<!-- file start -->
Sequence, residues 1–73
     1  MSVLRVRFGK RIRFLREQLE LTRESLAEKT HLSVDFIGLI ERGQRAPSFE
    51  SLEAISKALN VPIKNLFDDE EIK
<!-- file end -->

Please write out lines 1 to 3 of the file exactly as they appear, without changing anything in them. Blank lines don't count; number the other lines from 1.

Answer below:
Sequence, residues 1–73
     1  MSVLRVRFGK RIRFLREQLE LTRESLAEKT HLSVDFIGLI ERGQRAPSFE
    51  SLEAISKALN VPIKNLFDDE EIK